DEAR JERRY: One of the oldies stations recently played "Beechwood 4-5789," by the Carpenters, after which the dee jay asked how many of the listeners remembered telephone exchanges, such as Beechwood.
Well, having been born in the early 1970s I have never used an exchange name to make a call.
Were there more songs with exchange names in the titles?
How about ones with phone numbers in general?
Bonnie MacGregor, San Diego
DEAR BONNIE: Hope you didn't think I would just phone this one in.
Telephone exchange words were created in the belief that it was easier for subscribers to remember a supposedly common name (most but not all of them were common) and either four or five digits, than to memorize six or seven numbers.
Of course one only needed to know the first two letters of the exchange name, since only those needed to be dialed.
For example, to call BEechwood 4-5789, you would dial BE4-5789. With the all digit dialing system we have been using for decades, you would connect by hitting the very same buttons, but thinking of it as being 234-5789.
Phasing out exchange names and replacing them with digits began in 1958, but the transition was slow going and took many years to complete, especially in rural areas. Ironically, a trend in recent decades to turn some or all of the digits into letters has been very popular with businesses. Makes sense, as HOT-DOGS is easier to remember than 468-3647.
Spanning 60 years, each of these recordings has a telephone number in the title, either with or without exchange names. To qualify, the number must be in the format of a realistic phone number (five or six characters). An area code or dial-1 (for long distance) is optional.
Excluded are songs with an authentic phone number in the lyrics, but not part of the title. One in this category is "Promised Land" (Chuck Berry and Elvis Presley), in which a call is placed from Los Angeles to Norfolk, Virginia, to TIdewater 4-1009.
Titles are chronological with occasional commentary:
1940: "Pennsylvania 6-5000" (Glenn Miller and His Orchestra)
On early pressings, the title is shown as "Pennsylvania Six-Five Thousand." As it was in 1940, dialing PE6-5000 will still connect you with the main desk at the Pennsylvania Hotel in New York. I just called them to be sure.
1956: "Bigelow 6-200" (Little Brenda Lee)
Backed with "Jambalaya," this was Little Brenda's very first record. The label says she was nine years old, but we know she was really 11. Either way, she was too young to be giving out her number.
1962: "Beechwood 4-5789" (Marvelettes)
A Motown original that was revived 20 years later by the Carpenters.
1963: "LOnesome 7-7203" (Hawkshaw Hawkins)
A No. 1 C&W hit.
1966: "634-5789" (Wilson Pickett)
The first digits-only phone number title. Interesting in that the last five numbers are the same as on "Beechwood 4-5789." Some copies of this record have the sub-title "(Soulsville, U.S.A.)," presumably where you would be calling.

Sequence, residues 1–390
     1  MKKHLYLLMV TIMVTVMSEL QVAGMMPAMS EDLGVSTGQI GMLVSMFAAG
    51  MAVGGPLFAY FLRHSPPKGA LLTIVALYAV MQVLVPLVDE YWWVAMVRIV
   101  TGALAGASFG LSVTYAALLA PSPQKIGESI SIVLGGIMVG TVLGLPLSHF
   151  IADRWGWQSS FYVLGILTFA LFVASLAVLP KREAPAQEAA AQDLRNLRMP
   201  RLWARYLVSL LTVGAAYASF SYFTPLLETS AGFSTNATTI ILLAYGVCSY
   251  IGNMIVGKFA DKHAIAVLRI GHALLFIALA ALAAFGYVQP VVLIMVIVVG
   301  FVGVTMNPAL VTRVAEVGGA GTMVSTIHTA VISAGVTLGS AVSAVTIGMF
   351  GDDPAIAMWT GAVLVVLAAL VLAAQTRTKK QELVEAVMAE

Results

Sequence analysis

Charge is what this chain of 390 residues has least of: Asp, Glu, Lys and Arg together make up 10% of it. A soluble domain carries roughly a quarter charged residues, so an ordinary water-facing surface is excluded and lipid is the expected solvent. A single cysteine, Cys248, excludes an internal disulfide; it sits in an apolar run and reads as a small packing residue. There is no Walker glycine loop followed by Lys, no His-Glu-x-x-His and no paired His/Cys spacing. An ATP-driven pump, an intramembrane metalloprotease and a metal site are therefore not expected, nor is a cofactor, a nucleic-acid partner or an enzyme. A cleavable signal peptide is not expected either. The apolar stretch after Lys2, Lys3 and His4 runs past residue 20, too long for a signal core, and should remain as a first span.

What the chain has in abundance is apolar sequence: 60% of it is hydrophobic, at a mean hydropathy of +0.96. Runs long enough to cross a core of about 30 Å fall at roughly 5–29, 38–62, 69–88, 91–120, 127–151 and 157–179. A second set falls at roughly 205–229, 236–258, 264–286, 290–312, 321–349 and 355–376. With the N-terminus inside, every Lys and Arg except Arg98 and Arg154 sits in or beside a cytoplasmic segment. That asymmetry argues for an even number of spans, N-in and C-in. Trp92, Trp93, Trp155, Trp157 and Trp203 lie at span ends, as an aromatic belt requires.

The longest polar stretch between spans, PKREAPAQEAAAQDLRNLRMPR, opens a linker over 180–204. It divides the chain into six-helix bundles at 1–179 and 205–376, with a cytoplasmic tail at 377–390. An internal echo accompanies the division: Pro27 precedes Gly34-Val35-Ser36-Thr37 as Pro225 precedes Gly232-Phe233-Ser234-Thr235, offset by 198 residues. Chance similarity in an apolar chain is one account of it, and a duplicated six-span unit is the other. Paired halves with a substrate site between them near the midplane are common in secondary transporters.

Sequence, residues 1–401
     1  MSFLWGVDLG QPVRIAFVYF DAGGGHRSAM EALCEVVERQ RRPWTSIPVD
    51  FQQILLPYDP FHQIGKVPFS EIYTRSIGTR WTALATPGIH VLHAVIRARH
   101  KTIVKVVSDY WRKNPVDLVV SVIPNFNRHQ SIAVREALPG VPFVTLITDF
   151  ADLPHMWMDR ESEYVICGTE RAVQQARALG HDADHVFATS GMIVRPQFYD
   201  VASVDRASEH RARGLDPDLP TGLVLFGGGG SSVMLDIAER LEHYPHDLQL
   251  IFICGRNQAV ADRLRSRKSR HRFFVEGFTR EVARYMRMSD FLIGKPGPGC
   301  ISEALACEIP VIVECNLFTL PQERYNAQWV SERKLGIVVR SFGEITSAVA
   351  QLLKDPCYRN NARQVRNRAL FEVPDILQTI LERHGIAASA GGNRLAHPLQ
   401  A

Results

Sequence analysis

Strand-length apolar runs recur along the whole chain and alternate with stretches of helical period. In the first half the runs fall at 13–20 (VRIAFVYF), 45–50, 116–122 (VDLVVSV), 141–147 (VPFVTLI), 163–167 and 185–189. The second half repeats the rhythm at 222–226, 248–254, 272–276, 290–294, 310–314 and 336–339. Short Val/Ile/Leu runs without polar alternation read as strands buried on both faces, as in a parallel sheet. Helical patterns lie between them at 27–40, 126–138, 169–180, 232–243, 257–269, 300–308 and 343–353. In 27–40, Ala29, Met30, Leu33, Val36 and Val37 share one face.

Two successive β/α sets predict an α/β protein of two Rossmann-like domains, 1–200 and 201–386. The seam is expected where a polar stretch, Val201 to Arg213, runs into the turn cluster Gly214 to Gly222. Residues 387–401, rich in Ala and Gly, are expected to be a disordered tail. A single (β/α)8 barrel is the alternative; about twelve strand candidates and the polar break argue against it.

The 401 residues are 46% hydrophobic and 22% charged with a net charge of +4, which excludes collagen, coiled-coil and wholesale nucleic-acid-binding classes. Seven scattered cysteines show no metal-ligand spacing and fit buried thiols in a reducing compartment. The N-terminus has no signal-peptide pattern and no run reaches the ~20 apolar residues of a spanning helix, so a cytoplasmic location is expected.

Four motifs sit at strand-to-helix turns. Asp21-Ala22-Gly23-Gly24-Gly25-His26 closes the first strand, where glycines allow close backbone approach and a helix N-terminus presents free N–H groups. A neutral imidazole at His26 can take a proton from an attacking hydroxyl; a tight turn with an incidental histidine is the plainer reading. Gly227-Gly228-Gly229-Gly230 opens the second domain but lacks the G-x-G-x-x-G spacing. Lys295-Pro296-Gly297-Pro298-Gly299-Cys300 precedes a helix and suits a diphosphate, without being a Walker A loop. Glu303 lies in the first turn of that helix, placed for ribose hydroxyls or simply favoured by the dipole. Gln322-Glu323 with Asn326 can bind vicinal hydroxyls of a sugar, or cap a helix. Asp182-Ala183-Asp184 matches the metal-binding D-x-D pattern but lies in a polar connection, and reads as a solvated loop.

1971: "Echo Valley 2-6809" (Partridge Family)
Yes, 1971 was mighty late for an exchange name; however, in this tune David Cassidy is reminiscing about long ago when he used to dial that number. Album track.
1981: "766-2623 (ROM-ANCE)" (Henry Paul Band)
ROM-ANCE is definitely easier to remember than 766-2623, and potentially more appealing than HOT-DOGS. Album track.
1982: "777-9311" (Time)
Q: "Baby, what's your phone number?" A: "Seven seven seven, ninety-three eleven." Sometimes all you gotta do is ask.
1982: "867-5309" / Jenny (Tommy Tutone)
"Jenny, I know you think I'm like the others before, who saw your name and number on the wall." Tommy Tutone is actually a group whose lead singer is Tommy Heath.
1987: "853-5937" (Squeeze)
Quoth the answering machine: "Angela can't make it to the phone. If you'd care to leave your name and number, please speak clearly after the tone. She'll give you a ring when she gets home."
1989: "(619) 239-KING" (Mojo Nixon & Skid Roper)
The first on the list to include an area code, coincidentally in San Diego and a local call for you, Bonnie.
Mojo is hoping Elvis is still alive and hears this song and sees the music video, and will call him at a real number created just for that purpose. I dialed it and found that it's no longer a working number. Regardless, the video is very amusing. This is an album track, but in 1987, Nixon & Roper had a single (and video) of "Elvis Is Everywhere," indicating a theme of sorts.
1989: "1-900 LL COOL J" (LL Cool J)
1993: "1-800 BODY BAGS" (Boss)
Album track. This Boss is a female duo.
1993: "1-900 2LONELY" (David Grey)
The second country tune on the list, and also an entertaining video. Regionally successful, this fine single should have been more of a hit than it was.
1994: "1-800 SUICIDE" (Gravediggaz)
1999: "528-CASH" (Project Pat)
2000: "1-900 HUSTLER" (Jay Z)
IZ ZAT SO? How do the phone number titled singles stack up with each other?
All things considered, especially sales and chart success, this is how we rank them:
1. "867-5309" / Jenny (Tommy Tutone)*
2. "Pennsylvania 6-5000" (Glenn Miller and His Orchestra)*
3. "634-5789" (Wilson Pickett)
4. "Beechwood 4-5789" (Marvelettes)
5. "LOnesome 7-7203" (Hawkshaw Hawkins)
6. "853-5937" (Squeeze)
7. "777-9311" (Time)
8. "Bigelow 6-200" (Little Brenda Lee)
9. 1-900 2LONELY (David Grey)
*Gold Record Award Winner